NACOGDOCHES, TX (KTRE) - A 10-year old Nacogdoches girl is being credited for rescuing her little sister as she was having a severe asthma attack.
Ryleigh Todd's family calls her a hero.
Ryleigh views it as sisterly love.
The bond between Ryleigh and Lila Summers, her 4-year-old sister, is quite apparent. The two had their arms around each other while they relaxed on the living room couch.
"Yeah, them two are connected at the hip," said Halie Summers, the girls' mother,
So it comes as no surprise that Ryleigh was the one who jumped into quick action.
"Lila was sleeping. And she woke up my Paw Paw with a really bad cough," Ryleigh said of the August 18 emergency. "And my Paw Paw got me, and I yelled out, 'She's having an asthma attack.'"
Lila's grandfather, Ben Todd, knew that she had asthma, but he'd never seen her having an asthma attack before.
"She wasn't breathing real good at all. I didn't know what to do, but call 911," Ben said.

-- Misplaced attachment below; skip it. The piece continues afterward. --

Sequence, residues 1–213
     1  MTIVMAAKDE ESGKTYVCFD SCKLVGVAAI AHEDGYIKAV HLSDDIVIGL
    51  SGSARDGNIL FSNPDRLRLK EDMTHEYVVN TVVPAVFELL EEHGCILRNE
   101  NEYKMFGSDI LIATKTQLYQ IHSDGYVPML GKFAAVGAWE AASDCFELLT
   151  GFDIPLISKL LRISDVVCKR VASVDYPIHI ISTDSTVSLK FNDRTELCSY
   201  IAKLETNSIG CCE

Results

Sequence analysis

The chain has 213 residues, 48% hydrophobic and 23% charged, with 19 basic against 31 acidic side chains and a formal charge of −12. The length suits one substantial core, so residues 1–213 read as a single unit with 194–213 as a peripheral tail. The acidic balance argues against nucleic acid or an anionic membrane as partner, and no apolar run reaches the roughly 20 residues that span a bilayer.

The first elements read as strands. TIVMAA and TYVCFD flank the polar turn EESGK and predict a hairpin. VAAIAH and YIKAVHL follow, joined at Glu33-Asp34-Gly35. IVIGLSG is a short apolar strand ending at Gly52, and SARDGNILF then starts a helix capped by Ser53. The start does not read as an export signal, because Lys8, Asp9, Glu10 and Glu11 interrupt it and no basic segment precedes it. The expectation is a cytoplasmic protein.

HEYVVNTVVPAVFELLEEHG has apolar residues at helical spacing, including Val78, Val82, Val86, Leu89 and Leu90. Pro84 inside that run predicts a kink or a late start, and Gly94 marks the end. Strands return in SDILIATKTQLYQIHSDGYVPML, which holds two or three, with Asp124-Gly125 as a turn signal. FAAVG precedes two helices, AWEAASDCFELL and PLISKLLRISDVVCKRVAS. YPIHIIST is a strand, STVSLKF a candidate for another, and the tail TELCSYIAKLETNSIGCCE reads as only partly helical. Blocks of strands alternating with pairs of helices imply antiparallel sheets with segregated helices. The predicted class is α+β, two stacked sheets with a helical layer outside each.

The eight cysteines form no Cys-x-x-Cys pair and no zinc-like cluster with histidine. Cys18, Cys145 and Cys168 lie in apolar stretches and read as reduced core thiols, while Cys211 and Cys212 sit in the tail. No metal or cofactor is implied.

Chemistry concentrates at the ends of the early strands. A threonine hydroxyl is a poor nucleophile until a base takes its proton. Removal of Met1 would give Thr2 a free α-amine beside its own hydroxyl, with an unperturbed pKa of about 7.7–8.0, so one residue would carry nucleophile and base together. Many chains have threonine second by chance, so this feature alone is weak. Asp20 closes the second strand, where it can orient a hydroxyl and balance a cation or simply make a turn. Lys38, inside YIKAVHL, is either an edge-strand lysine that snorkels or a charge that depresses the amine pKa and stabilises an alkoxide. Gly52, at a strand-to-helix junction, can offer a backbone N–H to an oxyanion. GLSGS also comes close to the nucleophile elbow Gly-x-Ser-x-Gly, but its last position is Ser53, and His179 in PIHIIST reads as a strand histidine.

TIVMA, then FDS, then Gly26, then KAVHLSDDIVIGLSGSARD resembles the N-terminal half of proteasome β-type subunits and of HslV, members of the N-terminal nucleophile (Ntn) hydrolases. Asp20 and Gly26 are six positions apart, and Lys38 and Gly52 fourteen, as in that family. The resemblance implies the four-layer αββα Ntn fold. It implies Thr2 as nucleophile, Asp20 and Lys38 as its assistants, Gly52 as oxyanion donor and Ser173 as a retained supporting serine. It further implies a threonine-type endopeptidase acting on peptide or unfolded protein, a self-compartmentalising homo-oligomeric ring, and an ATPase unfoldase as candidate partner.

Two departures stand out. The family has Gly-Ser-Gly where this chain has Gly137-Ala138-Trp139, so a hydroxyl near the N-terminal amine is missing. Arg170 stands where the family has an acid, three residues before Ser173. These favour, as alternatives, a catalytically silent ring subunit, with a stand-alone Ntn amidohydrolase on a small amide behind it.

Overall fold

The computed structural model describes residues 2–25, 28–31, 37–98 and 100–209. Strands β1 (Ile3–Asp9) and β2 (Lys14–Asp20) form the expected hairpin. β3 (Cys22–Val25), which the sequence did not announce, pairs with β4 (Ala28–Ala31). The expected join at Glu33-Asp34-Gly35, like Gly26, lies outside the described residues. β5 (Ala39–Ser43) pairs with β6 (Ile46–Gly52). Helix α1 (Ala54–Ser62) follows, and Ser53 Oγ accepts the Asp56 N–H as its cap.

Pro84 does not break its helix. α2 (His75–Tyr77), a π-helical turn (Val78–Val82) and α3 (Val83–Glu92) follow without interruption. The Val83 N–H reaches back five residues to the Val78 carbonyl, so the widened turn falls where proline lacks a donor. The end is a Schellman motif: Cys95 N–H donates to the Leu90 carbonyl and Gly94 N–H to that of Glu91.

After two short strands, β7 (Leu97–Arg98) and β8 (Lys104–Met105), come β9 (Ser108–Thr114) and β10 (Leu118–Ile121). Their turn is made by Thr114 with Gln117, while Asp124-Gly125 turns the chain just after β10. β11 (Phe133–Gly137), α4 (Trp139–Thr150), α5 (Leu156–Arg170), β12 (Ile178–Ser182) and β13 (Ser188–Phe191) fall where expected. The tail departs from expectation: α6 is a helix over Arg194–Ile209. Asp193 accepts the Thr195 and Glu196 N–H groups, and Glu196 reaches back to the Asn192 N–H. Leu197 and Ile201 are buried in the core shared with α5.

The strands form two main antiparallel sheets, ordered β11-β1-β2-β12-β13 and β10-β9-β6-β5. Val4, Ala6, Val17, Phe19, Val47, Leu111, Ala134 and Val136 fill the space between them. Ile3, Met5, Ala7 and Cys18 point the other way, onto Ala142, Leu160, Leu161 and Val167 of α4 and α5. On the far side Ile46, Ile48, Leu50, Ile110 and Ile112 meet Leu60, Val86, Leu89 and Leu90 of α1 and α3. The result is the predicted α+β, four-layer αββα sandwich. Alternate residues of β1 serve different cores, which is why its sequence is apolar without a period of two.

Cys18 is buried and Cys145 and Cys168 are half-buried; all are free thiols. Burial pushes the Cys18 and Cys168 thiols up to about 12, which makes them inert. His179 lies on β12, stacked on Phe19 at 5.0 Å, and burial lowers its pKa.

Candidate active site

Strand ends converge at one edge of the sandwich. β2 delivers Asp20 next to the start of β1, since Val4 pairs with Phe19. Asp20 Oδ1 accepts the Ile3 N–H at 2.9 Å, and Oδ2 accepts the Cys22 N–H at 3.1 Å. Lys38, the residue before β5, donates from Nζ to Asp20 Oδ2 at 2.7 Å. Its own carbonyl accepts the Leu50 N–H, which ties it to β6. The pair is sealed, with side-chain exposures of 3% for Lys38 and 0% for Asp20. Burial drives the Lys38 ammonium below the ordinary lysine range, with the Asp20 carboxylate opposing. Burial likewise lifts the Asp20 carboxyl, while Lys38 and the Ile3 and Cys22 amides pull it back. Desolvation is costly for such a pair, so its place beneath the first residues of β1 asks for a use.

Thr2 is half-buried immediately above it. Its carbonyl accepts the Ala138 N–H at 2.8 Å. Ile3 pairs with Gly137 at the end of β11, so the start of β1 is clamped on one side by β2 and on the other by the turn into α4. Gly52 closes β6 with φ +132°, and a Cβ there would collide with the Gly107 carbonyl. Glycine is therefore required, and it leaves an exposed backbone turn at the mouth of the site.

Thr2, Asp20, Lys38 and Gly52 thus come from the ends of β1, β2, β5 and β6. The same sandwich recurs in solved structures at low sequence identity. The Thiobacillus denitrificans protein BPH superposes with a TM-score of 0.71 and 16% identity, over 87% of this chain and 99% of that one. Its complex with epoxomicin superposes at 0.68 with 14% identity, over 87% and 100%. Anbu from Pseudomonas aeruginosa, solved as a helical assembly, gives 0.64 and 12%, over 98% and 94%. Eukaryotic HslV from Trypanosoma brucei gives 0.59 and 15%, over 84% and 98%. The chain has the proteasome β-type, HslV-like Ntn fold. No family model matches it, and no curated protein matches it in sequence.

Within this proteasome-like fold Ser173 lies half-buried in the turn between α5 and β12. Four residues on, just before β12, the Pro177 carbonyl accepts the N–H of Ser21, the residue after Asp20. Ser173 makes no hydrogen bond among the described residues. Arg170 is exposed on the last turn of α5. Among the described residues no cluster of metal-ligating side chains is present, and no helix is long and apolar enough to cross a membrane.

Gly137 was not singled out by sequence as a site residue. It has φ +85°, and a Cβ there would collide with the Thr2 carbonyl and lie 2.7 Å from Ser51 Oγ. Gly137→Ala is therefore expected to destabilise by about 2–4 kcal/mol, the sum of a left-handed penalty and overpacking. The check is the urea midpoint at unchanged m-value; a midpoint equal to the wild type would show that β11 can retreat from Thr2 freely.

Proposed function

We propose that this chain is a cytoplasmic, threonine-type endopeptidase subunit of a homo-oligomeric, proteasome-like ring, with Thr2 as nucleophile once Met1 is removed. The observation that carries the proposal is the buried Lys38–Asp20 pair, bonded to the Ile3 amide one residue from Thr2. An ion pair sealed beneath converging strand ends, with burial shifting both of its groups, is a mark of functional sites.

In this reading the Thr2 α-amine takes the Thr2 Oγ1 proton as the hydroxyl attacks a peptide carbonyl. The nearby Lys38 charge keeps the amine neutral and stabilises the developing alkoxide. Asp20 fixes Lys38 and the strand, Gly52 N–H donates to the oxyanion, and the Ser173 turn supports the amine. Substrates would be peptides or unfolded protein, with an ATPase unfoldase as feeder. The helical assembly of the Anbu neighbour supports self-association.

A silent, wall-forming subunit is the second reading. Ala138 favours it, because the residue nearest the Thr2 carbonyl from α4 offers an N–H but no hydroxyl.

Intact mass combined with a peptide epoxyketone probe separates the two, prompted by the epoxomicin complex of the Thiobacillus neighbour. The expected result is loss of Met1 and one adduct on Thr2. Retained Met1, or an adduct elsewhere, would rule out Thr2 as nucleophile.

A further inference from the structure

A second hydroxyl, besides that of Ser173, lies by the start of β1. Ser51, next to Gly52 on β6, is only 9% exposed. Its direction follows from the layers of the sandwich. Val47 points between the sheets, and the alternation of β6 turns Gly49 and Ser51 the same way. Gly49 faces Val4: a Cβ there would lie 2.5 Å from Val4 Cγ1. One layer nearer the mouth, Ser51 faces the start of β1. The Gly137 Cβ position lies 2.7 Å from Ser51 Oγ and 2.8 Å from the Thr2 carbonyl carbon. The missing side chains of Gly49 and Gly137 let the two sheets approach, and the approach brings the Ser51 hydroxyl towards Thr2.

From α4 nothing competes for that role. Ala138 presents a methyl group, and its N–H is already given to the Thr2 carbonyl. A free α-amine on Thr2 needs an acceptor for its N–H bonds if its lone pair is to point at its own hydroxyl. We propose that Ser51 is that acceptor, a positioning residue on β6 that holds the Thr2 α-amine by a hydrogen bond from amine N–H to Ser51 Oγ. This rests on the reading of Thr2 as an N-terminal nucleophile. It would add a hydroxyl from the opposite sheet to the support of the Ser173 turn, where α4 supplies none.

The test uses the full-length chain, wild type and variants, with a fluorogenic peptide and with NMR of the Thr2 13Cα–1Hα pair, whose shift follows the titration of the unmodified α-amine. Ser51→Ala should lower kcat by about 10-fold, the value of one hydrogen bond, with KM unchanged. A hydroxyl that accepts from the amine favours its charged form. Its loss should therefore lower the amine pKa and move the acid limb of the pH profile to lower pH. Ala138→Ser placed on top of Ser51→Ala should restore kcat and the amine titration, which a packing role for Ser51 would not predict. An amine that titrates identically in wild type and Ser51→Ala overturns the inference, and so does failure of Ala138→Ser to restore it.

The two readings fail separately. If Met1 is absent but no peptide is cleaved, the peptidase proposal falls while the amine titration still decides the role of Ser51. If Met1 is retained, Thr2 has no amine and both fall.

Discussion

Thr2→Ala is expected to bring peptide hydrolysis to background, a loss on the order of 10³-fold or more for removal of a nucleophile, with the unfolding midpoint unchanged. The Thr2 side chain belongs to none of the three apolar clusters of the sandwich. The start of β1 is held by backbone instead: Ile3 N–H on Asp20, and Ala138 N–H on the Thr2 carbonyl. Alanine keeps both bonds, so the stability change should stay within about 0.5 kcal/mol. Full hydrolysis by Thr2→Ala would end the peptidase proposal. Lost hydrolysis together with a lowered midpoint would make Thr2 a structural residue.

"The one time I'm not here when she has an attack," Halie said.
Ryleigh knew a nebulizer would help her sister breathe.
"And then I grabbed it in a panic," the fifth-grader said.
She was scared but had the presence of mind to go through the steps of hooking up the apparatus.
"You plug this into here after you plug this thingy into the wall," Ryleigh said as she demonstrated.
Then she placed the breathing mask on her sister whose body had gone limp and had turned blue.
"You put the little medicine in here," Ryleigh said as she went through the deliberate steps of getting a breathing machine operational.
All this was done without any formal lessons.
"She knew what she was doing," said Ben Todd. "She takes care of her baby sister."
The emergency prompted Ryleigh to call her mother who was still 90 minutes away.
"I was just glad Ryleigh was here, and she's a level-headed 10-year-old," said the grateful mother.
There will be some changes. Lila will be taught how to use a rescue inhaler the family plans to request. And Ryleigh will make sure everyone knows how to use it, along with the nebulizer. Just another gesture of sisterly love.
"Lila's a pretty lucky little girl to have such a good big sister," said their mother as her daughters drew pictures at the kitchen table.
Ryleigh said the experience may lead her to a path of becoming a pediatric nurse one day.
If so, she will be needed. According to recent CDC data, asthma affects approximately 8.5 percent of the pediatric population in the U.S., which is more than 7 million children.